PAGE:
Between 1845 – 1851, the Romanian Neo-classicist artist Gheorghe Tăttărescu lived in Italy studying painting. It was a major period of political upheaval for that country, and the issues of national unity and independence from foreign powers were themes that resonated powerfully with the Romanian.

On the first of January 1848, revolution broke out in Palermo. The ‘wave’ reached Romania in March. Among the Romanian revolutionaries’ demands were: the formation of the national Romanian state, educational reform, the improvement of the peasant economic situation, the lifting of censorship, and the replacement of the Parliament by a more progressive and representative body. Even though the revolutionaries lost the battle and their leaders were sent into exile, only a decade later, during Cuza’s reign, most of these aspirations were realized.

On 30 May 1848, in Rome, Tăttărescu entered the competition 'Concorso artistico dal Panteon' [The Artistic Competition of Pantheon] held every five years by the Congregazione Artistica dei Virtuosi al Panteon, the highest artistic institution in the city, and sponsored by the Pope. He was awarded the first prize medal for his religious painting representing a scene from the Old Testament – that of Simeon and Levi rescuing their sister Dinah kidnapped by Shechem and King Hamor (the title of the painting - which in Romanian reads: Simeon şi Levi salvând pe sora lor Dina răpită de Sichem şi de regele Hemor).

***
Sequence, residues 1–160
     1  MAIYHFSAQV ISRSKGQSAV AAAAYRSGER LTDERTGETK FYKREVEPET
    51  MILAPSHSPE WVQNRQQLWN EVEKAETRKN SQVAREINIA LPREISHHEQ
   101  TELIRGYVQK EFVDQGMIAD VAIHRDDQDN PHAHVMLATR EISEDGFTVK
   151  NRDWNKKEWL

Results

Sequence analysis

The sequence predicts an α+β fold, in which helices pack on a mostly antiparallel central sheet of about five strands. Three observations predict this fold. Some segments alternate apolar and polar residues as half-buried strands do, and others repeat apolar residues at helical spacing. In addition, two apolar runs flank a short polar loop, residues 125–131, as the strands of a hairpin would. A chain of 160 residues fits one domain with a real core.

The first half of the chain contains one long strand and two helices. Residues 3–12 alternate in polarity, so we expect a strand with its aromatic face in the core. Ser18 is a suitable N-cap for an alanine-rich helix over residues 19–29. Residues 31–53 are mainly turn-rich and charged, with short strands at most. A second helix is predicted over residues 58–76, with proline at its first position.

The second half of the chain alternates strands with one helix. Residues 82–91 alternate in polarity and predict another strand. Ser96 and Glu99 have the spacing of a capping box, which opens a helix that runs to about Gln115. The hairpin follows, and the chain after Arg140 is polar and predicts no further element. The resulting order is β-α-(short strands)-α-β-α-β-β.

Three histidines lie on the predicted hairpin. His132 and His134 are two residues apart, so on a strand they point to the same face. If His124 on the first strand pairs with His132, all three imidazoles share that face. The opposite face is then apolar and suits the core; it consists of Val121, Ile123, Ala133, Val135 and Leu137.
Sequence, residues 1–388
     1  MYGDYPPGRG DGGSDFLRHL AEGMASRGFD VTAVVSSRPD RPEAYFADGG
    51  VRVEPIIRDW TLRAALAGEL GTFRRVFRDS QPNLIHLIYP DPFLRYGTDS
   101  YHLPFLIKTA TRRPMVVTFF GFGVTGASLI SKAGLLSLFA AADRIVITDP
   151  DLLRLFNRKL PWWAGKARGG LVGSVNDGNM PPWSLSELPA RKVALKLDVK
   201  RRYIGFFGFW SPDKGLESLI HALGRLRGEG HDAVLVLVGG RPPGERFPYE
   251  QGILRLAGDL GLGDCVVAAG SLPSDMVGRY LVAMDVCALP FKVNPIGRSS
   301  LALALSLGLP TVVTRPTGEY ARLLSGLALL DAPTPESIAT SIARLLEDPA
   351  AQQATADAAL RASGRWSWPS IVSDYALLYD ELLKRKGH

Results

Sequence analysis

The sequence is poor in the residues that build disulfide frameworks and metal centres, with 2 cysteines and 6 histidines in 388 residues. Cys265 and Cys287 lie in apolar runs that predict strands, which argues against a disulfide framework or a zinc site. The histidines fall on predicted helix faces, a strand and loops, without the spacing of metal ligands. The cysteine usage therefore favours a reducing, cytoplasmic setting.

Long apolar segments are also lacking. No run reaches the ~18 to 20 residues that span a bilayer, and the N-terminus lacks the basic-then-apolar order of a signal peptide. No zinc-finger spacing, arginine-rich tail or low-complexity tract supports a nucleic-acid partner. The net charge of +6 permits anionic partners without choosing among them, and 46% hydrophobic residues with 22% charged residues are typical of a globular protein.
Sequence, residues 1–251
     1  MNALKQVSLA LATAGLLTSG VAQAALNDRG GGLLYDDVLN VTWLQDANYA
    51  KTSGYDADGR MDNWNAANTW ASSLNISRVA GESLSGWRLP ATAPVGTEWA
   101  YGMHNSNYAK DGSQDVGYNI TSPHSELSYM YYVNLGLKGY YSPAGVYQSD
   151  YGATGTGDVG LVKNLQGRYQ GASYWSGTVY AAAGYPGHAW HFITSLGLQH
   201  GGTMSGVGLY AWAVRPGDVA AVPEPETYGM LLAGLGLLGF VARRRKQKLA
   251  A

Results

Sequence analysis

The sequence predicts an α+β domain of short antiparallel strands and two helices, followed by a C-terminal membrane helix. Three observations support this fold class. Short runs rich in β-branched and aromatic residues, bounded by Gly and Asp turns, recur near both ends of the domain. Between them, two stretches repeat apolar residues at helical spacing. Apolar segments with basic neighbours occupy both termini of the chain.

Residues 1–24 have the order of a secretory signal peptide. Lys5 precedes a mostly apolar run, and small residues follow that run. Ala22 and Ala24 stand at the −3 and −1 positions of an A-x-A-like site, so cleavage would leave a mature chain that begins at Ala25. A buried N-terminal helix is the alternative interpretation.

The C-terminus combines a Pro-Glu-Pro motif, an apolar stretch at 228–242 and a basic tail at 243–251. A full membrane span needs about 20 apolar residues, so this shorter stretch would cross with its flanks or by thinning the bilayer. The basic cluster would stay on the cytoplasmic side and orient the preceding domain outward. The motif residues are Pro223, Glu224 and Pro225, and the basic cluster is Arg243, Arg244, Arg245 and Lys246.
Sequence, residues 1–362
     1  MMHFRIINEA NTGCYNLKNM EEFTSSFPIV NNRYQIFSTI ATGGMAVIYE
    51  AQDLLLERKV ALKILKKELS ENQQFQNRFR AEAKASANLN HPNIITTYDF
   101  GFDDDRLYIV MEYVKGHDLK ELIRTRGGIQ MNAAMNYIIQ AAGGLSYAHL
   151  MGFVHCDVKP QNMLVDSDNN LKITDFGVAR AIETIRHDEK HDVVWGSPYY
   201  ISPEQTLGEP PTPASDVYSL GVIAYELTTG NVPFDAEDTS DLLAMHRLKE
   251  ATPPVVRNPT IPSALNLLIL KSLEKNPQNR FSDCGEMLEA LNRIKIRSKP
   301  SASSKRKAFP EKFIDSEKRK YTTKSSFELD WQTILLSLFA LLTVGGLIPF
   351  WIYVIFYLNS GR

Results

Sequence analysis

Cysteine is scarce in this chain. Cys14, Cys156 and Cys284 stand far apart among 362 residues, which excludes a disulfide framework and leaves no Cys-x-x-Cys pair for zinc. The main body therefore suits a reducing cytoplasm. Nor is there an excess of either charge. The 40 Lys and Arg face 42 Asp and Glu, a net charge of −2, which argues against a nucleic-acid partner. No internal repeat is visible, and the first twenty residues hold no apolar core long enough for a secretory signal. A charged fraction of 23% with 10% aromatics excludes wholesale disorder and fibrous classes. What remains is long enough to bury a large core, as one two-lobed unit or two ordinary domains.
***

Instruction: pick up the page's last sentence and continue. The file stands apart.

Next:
In August the same year Tăttărescu went to Florence where he researched the paintings in the Pitti and Uffizi Galleries. On 7 January, 1849 he returned to Rome, rented a studio in Via Mario di Fiori no 8, and made studies for his allegorical work Deşteptarea României [The Awakening of Romania]. By obtaining the First Prize in Rome at the moment the first news of the [Romanian] revolution arrived in Italy, the artist and his work made his native country known and appreciated. That was the true value of his painting.

When the Romanian government opened the first art museum in Bucharest (National Painting Gallery - Pinacoteca Statului) in December 1850, ‘The Awaking of Romania’ was the first work to be displayed (it has as an inventory number ‘1’). Thus, the work that first received international recognition was also the work that was most recognised in his own country.